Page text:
Many years ago, when I was still in my 20s, I was enjoying a late-night non-alcoholic beverage with an old friend from my high school days. Our talk turned to the teachers in our adolescence, some of whom we revered, some of whom we despised. The memory of one teacher in particular aroused our ire: he was a bully and a blowhard, and not above shoving students around.
We decided we hated him, even 10 years after graduation, but what could we do to even the score?
In a flash, it occurred to both of us: we would tip over his garbage cans!
We dashed to my car, drove across town and up a dark alley behind what we believed was his house, or at least what might have been his house a decade earlier. Then the two of us – one a provincial civil servant, the other now a teacher himself – threw his trash bins to the ground and rode away chortling with righteous glee.
Justice had been served!
I thought about that act of scholastic vandalism, in retrospect so innocent and so stupid, when reading about a different sort of war on teachers, a much more vicious and threatening campaign being waged on North American post-secondary campuses.
It’s not uncommon for professors who voice unpopular opinions to become the targets of threats. For disciplining a student who made disparaging remarks about Islam, a Texas college administrator was subject to harassment on email. A professor at Portland State was heard to say good things about colonialism, and suffered a campaign of vicious attacks online and over his phone.
Some teachers have been ‘doxxed’ – their personal information, address, phone numbers, children’s names, etc., have been revealed online to prompt more fear. Some have been moved to ask for police protection.
Some have been forced out of their jobs. For refusing to leave and stop teaching on a day when all white faculty were asked to vacate campus to show solidarity with the Black Lives Matter movement, two Oregon professors felt frightened enough to seek work elsewhere.
Abusive behaviour is amplified when highlighted by social media and mobs of trolls join in the fun with obscene phone messages, threats to family members and attempts to get victims fired.
There are differences between threats emerging from the left or the right: the latter mostly come from off-campus and occur primarily online, while the former take place at the university. Right-wing menacing does not seem to have taken the shape of actual physical attacks but on-campus lefties have shouted down conservative speakers, taken over meetings, thrown fire-alarms and formed mobs armed with baseball bats to intimidate opponents.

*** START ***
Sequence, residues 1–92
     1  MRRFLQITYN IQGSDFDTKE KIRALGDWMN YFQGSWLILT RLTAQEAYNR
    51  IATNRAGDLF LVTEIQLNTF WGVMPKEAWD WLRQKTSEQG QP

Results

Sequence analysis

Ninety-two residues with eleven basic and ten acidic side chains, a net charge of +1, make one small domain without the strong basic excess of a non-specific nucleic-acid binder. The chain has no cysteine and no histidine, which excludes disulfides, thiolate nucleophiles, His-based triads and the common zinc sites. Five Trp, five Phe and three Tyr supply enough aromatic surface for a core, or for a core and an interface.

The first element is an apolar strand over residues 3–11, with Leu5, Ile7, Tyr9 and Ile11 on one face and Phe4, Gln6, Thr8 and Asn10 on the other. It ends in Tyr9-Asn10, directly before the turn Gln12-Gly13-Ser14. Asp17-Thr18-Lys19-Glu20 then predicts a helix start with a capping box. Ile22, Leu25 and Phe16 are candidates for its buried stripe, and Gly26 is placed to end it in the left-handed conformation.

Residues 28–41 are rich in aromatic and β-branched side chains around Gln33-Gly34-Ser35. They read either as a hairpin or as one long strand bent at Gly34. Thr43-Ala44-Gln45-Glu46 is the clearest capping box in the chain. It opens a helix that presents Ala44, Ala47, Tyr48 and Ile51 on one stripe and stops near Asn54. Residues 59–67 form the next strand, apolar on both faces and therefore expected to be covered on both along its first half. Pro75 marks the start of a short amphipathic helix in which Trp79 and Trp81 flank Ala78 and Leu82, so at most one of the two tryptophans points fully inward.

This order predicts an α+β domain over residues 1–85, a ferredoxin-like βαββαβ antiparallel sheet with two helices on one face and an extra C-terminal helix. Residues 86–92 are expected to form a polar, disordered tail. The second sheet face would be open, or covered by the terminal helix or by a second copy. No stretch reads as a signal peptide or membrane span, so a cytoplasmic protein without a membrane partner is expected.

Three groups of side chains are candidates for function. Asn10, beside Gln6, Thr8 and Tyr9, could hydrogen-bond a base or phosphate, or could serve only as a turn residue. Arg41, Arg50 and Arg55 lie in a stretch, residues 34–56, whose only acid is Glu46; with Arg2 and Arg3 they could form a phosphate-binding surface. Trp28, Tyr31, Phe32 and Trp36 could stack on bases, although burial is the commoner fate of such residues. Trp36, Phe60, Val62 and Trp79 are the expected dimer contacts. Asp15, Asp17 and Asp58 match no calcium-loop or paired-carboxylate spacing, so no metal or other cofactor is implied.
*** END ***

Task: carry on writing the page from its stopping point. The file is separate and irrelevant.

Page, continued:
One particularly enthusiastic activist at Queen’s University apparently protested the presence of conservative speaker Jordan Peterson by smashing a stained-glass window and, when arrested, was allegedly found to be carrying a concealed weapon: a genuine wire garrote strangulation device.
This sort of intemperance is a nasty part of the culture wars that have divided North Americans into hostile camps, not only on campus but throughout society.
Students of the snowflake generation feel empowered to videotape, confront and swarm professors with whom they disagree.
Media from both sides publicize the sins of the other side and seldom seek a nuanced view.
Cowardly university administrators bow to student mobs and cancel unpopular speakers or try to silence controversial teachers.
Neither progressives nor conservatives come off looking good in these fights.
Solutions are many. Getting off social media and diminishing the reach of Twitter and Facebook would go some way to slowing the infection of abusive speech. Enforcing the rule of law on campus is another – the University of Chicago has led the way here by making it clear that there are no ‘safe spaces’ from opposing ideas and students should expect vigorous but respectful debate as part of campus life.
Teaching our young that democracy depends on tolerance and free speech should start in the home. But it must be reinforced in the education system from kindergarten to graduate school.
And no one, no matter how justified, should ever tip over a teacher’s garbage cans.
Gerry Bowler is a Winnipeg historian who loved the original Black Hawk comics and was once a member the Archie fan club. He is a senior fellow at the Frontier Centre for Public Policy.
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